Threat from extremist groups to SEA growing: Singapore Minister

If Islamic State were destroyed in its base in Iraq and Syria, that would actually increase the risk to their region in the short term, because seasoned IS fighters would likely return home.
If Islamic State were destroyed in its base in Iraq and Syria, that would actually increase the risk to their region in the short term, because seasoned IS fighters would likely return home.

KO OLINA, Hawaii: The threat that violent extremist groups pose to Southeast Asia is growing each year as they become more organised and focused in their aims, Singapore Defence Minister Ng Eng Hen said.

Dr Ng was speaking to reporters following a meeting of Southeast Asia defence ministers with US Defense Secretary Ash Carter in Hawaii, where the defence chiefs devoted a major chunk of time to discussing the threat from Islamic State and similar groups.

More than 1,000 Southeast Asians have flocked to join Islamic State’s self-declared “caliphate” in Iraq and Syria, Dr Ng said.

“Every year we meet, the situation and threat from extremist terrorism rises,” Dr Ng said.

“Compared to, say, a year or even two years ago, they’re more organised…they’re more networked, they’re more clear in their articulation of what they want to achieve.”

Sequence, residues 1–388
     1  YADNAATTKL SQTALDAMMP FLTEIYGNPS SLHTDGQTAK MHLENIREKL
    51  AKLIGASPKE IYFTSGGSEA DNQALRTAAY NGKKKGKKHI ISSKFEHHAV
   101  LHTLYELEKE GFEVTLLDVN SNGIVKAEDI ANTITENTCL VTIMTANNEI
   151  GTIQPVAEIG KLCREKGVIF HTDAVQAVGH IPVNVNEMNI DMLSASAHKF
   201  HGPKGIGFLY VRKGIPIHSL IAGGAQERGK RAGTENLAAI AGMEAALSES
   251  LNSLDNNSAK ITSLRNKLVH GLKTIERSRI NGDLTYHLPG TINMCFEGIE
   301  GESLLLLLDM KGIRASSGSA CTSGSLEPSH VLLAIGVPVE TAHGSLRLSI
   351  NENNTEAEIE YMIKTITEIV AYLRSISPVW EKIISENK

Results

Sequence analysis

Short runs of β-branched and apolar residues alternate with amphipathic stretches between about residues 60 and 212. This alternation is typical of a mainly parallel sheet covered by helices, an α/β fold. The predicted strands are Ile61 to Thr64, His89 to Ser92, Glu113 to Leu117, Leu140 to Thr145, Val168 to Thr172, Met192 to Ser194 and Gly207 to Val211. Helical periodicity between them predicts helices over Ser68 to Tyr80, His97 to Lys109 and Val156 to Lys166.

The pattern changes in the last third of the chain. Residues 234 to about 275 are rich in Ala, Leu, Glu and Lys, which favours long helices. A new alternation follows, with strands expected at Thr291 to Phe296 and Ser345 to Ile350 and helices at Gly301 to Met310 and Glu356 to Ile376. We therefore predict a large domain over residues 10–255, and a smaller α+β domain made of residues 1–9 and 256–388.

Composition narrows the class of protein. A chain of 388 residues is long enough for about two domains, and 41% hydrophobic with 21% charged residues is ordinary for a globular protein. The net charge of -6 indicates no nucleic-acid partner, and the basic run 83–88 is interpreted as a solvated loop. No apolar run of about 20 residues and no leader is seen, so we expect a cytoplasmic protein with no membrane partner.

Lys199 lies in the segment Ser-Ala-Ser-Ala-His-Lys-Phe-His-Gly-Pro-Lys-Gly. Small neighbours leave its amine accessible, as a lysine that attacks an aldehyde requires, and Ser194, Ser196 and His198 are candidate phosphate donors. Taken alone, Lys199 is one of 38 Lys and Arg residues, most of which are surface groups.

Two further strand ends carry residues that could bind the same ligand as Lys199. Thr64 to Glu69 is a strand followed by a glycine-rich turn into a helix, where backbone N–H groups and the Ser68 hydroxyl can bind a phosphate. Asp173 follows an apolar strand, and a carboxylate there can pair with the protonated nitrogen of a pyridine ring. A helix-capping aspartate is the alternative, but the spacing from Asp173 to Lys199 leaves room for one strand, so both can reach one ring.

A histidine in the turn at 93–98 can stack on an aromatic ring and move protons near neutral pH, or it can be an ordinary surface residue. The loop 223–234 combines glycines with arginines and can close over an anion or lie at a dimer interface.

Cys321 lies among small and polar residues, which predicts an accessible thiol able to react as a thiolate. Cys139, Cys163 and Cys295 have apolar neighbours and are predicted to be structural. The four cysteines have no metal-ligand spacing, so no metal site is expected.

Security officials said in June that Southeast Asian militants who claim to be fighting for Islamic State had chosen one of the most wanted men in the Philippines to head a regional faction of the group
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Authorities in the region have been on heightened alert since Islamic State claimed an attack in the Indonesian capital Jakarta in January in which eight people were killed, including four of the attackers.

Ng cited a recent plot in which an Indonesian cell coordinated by an Islamic State member in Syria had planned to shoot up hotels in Singapore’s Marina Bay area. The plot was foiled by Indonesian authorities, he said.

“They have gone beyond networks to push the flow of funds, weapons. They are already plotting,” Ng said.

Dr Ng said Southeast Asian defence chiefs believe that if Islamic State were destroyed in its base in Iraq and Syria, that would actually increase the risk to their region in the short term, because seasoned Islamic State fighters would likely return home.

The United States is leading an air campaign to dislodge Islamic State from Iraq and Syria.